IRIN, April 23, 2009
AFGHANISTAN: Sanitation woes in makeshift IDP camps
IDPs in the makeshift camps are prone to diseases like dysentery and diarrhoea because they lack access to proper sanitation, adequate safe drinking water and healthcare, health workers say
Open defecation, lack of toilets and poor sanitation in makeshift internally displaced persons (IDP) camps throughout Afghanistan are a health threat, particularly to children, health workers and aid agencies say.
Most IDPs in makeshift camps defectate in the open, which causes serious health risks. (Photo: Masoud Popalzai/IRIN)
According to the Afghan government, at least 230,000 people are living in formal IDP camps and informal settlements where few sanitary, water and toilet facilities are available.
About 500 families (2,500 individuals) displaced from southern regions have set up shacks, tents and mud huts in Qambar on the western outskirts of Kabul. Most residents there are forced to defecate in the open. Some also use insecure pit latrines or dry vault toilets near their shacks.
“In summer we suffer a lot from the stink, and the flies and mosquitoes which are attracted to the scattered faeces and dirt,” Akhtar Gul, an IDP at Qambar camp, told IRIN.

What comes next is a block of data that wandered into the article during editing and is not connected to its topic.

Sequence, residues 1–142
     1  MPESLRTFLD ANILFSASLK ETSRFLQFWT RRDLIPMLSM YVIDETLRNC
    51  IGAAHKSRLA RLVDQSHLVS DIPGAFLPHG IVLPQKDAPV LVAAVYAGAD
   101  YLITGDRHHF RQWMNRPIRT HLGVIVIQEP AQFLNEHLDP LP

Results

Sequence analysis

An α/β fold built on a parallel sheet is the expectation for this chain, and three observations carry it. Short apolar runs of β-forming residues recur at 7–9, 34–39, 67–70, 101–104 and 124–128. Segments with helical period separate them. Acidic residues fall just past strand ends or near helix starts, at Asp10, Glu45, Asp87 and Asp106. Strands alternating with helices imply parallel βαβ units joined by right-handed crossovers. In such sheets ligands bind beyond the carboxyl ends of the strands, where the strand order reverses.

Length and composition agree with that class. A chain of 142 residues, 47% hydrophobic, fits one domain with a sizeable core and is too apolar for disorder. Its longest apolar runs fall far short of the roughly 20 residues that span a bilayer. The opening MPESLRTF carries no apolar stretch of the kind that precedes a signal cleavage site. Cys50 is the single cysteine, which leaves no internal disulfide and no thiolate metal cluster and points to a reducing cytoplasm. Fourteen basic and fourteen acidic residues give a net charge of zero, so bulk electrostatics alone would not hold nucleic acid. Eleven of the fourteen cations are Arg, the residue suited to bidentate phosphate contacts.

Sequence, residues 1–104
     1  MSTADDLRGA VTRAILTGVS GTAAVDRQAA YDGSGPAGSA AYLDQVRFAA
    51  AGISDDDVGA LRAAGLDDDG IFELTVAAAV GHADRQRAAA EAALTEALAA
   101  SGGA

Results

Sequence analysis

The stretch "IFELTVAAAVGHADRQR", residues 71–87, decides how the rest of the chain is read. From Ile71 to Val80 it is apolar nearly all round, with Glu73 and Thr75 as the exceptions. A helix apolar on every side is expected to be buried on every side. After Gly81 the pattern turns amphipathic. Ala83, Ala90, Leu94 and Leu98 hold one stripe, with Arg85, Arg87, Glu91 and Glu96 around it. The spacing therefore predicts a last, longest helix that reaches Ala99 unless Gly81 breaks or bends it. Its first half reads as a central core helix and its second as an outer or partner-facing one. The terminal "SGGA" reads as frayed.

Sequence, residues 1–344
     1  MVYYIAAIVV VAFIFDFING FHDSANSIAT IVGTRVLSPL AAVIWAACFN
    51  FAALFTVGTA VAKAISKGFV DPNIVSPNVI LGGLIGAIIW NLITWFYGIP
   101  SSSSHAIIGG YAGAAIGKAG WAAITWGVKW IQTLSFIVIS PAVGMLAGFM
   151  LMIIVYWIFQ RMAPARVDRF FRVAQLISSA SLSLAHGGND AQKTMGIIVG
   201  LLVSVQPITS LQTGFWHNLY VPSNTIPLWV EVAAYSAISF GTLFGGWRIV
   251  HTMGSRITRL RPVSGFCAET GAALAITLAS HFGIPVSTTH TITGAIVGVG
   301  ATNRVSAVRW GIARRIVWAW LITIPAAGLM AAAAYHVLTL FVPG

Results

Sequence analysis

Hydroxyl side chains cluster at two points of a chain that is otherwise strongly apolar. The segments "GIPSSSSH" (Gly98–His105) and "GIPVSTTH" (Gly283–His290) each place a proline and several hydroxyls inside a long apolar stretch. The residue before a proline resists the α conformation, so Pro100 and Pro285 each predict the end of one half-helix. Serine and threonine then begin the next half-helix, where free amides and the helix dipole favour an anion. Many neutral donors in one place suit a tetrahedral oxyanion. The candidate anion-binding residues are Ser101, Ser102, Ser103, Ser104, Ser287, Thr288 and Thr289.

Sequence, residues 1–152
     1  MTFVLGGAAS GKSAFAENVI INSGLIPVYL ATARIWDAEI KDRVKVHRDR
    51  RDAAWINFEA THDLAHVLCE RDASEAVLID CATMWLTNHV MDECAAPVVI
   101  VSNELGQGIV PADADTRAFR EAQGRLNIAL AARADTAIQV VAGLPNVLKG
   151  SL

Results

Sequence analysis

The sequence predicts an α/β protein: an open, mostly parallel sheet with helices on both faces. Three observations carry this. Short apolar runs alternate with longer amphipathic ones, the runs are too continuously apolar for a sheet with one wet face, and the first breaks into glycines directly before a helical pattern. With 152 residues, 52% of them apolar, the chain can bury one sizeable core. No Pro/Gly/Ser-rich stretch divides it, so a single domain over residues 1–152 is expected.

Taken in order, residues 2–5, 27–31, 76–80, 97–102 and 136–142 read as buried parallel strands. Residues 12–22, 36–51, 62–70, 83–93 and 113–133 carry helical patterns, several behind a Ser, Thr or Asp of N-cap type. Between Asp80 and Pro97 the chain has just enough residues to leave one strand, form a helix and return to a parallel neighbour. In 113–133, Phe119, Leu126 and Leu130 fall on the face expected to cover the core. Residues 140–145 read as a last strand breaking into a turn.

Similar concerns were raised by several residents of the Wechtangay IDP settlement in the eastern province of Nangarhar.
IDPs in the makeshift camps are prone to diseases like dysentery and diarrhoea because they lack access to proper sanitation, adequate safe drinking water and healthcare, health workers say.
The problem with building toilets…
Backed by UN agencies, the Ministry of Refugees and Returnees (MoRR) has been trying to discourage internal displacement and prevent the establishment of new IDP camps.
“Our policy is to encourage people to return to their original areas,” said Hafiz Nadeem, a MoRR official, adding that building latrines and wells in informal camps would attract more IDPs.
Anne Garella, head of the Action contre la Faim (ACF) country mission, told IRIN they had applied to build toilets and water points for the Qambar IDPs but had failed to get permission from the government.
In January the government permitted ACF to provide drinking water to the Qambar IDPs for six months; ACF has been delivering two tankers of water a day.
“The number of IDPs in the camp is increasing every day and we are very concerned about their access to drinking water after June,” said Garella, adding: “A longer-term solution would be for the government to allow us to dig wells and build toilets there.”
The need for safe drinking water will increase in the coming months and the government is expected to extend Qambar’s water delivery deadline to beyond June, according to aid workers.
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